Archive | July, 2013

Tap into grant funds, watch your garden grow

The H2O to Grow Coalition — in collaboration with the Unified Government’s Public Works Department and Public Health Department — has $50,000 in grant funds available for Wyandotte County community gardens and urban farms in need of water taps. Small organizations and individuals often lack the resources to install a new water tap, which can cost from $4,000 to $9,000. The coalition and its partners want to increase access to healthy, locally-grown food in Wyandotte County and reduce stormwater run-off by growing food in empty lots.

“Water access is one of the main barriers to gardens and farms growing more food to feed Wyandotte Countians,” said Katherine Kelly of Cultivate Kansas City, an H2O to Grow Coalition member. “With 18,000 Wyandotte County residents living with low access to food, the H2O to Grow Coalition has been looking for creative ways to remove that barrier.”

Learn more on the Unified Government of Wyandotte County and Kansas City, Kan., website.

The coalition will host a grant application workshop Thursday, Aug. 1, at 6:30 p.m., at Cross-Lines Annex, 736 Shawnee Ave., Kansas City, Kan. 66105. The application deadline is Aug. 22.

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A fun way to learn about energy

BURN_avatar_01a_800Can learning about energy be entertaining? Definitely, if you visit or tune in to BURN, An Energy Journal.

BURN offers podcasts, radio specials, a blog and an excellent website with informative stories about the U.S. power grid, carbon offsets, gasoline prices in Europe and other topics that affect modern life.

I was recently riveted by BURN’s hour-long radio special, The Switch: America’s Electrical Grid, which explores how the grid works, what happens when it breaks, how it’s fixed and how innovators are working to make it better.

BURN: An Energy Journal is produced by SoundVision Productions and is carried on many National Public Radio stations, including KCUR in the Kansas City area. You can listen to podcasts at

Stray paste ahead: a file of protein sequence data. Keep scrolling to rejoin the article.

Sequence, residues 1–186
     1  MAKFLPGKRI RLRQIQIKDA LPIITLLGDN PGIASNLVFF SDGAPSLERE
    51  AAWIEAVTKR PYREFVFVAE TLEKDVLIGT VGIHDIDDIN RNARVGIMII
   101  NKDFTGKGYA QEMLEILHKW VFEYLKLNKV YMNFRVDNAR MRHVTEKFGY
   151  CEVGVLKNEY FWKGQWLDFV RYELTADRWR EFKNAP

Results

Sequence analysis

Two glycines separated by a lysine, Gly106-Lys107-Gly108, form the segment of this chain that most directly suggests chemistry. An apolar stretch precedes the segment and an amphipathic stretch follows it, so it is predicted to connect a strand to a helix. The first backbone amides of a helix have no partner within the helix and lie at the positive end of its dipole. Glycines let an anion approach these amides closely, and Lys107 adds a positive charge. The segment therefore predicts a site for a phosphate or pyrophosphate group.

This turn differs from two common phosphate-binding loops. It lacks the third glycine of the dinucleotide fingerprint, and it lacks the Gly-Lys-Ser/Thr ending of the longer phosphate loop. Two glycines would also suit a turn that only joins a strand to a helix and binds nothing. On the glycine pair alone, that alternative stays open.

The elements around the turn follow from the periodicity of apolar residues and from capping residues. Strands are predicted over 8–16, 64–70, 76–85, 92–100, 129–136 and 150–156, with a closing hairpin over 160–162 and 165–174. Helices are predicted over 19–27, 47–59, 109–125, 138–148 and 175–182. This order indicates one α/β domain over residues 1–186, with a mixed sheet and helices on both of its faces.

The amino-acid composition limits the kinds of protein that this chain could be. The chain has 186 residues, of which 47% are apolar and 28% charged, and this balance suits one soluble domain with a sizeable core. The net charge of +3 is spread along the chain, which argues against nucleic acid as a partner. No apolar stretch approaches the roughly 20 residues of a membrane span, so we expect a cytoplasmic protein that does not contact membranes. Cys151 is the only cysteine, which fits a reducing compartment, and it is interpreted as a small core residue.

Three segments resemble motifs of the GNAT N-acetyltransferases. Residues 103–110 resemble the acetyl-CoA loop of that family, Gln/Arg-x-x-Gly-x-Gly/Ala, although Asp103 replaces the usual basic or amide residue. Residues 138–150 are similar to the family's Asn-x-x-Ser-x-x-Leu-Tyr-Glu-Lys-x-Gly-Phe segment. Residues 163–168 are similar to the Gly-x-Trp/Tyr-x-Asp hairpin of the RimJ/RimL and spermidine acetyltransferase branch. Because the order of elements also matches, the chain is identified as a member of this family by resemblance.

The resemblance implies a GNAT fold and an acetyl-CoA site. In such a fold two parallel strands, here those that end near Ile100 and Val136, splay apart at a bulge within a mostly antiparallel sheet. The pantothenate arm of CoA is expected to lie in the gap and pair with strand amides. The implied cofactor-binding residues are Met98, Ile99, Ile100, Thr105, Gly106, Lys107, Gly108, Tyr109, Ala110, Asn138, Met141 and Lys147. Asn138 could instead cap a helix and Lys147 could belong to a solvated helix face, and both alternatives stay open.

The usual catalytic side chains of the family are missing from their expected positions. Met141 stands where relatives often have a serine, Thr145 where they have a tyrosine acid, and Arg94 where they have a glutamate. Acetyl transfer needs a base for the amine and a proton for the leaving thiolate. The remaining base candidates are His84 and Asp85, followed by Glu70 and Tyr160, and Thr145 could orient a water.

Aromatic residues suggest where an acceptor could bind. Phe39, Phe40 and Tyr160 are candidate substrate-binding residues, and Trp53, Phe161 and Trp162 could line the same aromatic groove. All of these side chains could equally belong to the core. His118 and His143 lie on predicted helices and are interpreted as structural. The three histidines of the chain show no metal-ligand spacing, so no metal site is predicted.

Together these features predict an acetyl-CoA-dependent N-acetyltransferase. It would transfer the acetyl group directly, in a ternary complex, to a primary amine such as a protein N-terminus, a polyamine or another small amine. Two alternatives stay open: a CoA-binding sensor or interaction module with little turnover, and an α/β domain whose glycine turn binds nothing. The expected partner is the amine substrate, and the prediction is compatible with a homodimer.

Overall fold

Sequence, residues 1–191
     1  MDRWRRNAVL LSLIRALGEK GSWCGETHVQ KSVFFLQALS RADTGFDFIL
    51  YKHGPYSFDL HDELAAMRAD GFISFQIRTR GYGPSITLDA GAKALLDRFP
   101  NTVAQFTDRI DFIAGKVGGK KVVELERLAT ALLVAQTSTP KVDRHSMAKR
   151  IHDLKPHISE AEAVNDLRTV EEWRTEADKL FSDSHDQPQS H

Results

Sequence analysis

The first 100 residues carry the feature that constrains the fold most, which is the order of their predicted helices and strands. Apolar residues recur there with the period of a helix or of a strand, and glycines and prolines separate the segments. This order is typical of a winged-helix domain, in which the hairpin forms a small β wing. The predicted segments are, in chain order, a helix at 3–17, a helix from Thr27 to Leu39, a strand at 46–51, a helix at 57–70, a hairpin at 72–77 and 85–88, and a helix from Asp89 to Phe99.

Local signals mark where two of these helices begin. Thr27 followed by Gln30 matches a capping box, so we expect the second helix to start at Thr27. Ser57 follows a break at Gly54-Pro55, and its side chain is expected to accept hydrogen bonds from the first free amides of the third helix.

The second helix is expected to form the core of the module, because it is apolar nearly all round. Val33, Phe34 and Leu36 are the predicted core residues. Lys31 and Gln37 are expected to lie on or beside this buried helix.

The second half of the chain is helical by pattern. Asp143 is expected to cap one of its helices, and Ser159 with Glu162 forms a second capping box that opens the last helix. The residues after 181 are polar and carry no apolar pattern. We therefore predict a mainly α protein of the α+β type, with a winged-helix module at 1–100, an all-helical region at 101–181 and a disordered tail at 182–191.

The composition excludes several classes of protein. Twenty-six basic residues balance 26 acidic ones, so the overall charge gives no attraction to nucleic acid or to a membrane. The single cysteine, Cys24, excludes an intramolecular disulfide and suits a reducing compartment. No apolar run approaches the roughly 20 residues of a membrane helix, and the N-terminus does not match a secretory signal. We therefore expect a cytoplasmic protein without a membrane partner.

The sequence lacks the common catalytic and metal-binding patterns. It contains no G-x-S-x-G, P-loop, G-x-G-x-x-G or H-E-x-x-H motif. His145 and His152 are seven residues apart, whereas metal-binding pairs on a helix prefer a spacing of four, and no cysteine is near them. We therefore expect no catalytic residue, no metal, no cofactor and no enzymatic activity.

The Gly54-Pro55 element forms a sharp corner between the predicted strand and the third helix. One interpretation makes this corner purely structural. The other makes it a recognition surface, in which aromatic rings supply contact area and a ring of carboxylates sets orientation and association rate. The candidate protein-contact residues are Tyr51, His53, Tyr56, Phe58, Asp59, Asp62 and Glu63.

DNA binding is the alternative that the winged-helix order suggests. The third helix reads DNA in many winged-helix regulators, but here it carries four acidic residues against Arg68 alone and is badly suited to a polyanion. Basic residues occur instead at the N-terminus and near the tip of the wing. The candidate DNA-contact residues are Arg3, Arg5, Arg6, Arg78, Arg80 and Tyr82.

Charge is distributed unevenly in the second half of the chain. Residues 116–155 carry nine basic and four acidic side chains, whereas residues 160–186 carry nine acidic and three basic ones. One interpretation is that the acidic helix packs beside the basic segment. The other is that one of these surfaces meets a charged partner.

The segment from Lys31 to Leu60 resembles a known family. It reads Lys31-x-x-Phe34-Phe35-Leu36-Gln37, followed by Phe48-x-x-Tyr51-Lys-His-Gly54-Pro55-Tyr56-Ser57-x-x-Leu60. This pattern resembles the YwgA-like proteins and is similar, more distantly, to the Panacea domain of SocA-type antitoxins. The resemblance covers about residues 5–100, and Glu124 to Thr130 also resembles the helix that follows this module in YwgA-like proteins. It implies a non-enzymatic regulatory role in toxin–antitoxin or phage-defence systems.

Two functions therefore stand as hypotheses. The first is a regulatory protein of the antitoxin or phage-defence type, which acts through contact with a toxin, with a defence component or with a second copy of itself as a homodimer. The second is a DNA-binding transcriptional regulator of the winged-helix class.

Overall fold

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Don’t start your engine — outfit your bike instead

bike-69078_1280_edit_webSometimes there is nothing more enjoyable than a recreational bike ride on a nice day. However, bikes were invented for utility purposes. Today, more and more people are using bicycles to transport cargo and commute to work. With the right setup, you can bike with everything from groceries to computers, and even extra passengers like children and dogs.

Vehicles emit a higher rate of pollution when warming up as compared to the rest of the trip.  By using a bike for short errands — and therefore reducing the number of vehicle starts — you’ll help improve our air quality.

The easiest way to get your bike cargo-ready is with bags, racks and trailers, which can be mounted on most existing bikes. If you’re transporting a heavy load, you may need a small electric motor installed on your bike to help you up hills. These motors can be installed on nearly any bike, and charge up in just a few hours.

Many major bike manufacturers now sell cargo bikes, some with extended frame bikes that can haul up to 200 lbs. However, since most bikes can be converted into cargo bikes, there’s no need to buy new — a used bike will work just as well. Local bike shops are great places to find used bikes, as well as cargo holders, electric assist motors and bike tools.

If you need any inspiration using your bike for cargo, see how much fun people in this community have using their cargo bikes for school commutes, work trips and everything in between.

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I want to be recycled

“Our trash could go on to live whole new life and serve a valuable purpose, if only more people would give it a chance.”

Can an ordinary plastic bottle aspire to become something bigger? A new public service advertising campaign introduced by the Ad Council and Keep America Beautiful, encourages people to recycle and give their garbage another life. The ad creates an emotional connection to recycling by chronicling the journey of a plastic bottle that has dreams to see the ocean. The bottle realizes that dream by becoming part of a park bench made out of recycled plastic.

Image of a plastic bottle sitting in front of a park bench, from Keep America Beautiful campaign.

According to the U.S. Environmental Protection Agency’s recently released figures, just under 35 percent of people across the nation recycle. Keep America Beautiful hopes this ad will inspire those individuals who do not recycle regularly to change their habits.

Visit IWantToBeRecycled to get a behind-the-scenes look at how trash can be transformed through recycling. Visit RecycleSpot to learn more about what you can do locally.

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Celebrating the value of trees

Look outside – do you see a tree or two? In Greater Kansas City, more than 249 million trees provide a wealth of services and benefits. From removing pollution and storing carbon from CO2 emissions (also known as carbon sequestration) to providing shade to lower cooling costs, each tree provides hundreds, if not thousands, of dollars in benefits to our region. It would cost tens of billions of dollars to replicate the benefits that our trees and forests provide to us virtually free of charge. In addition to the eco-services they provide, trees are also a natural source of beauty and provide shelter for both people and wildlife.What do trees do for you? Online advertising art.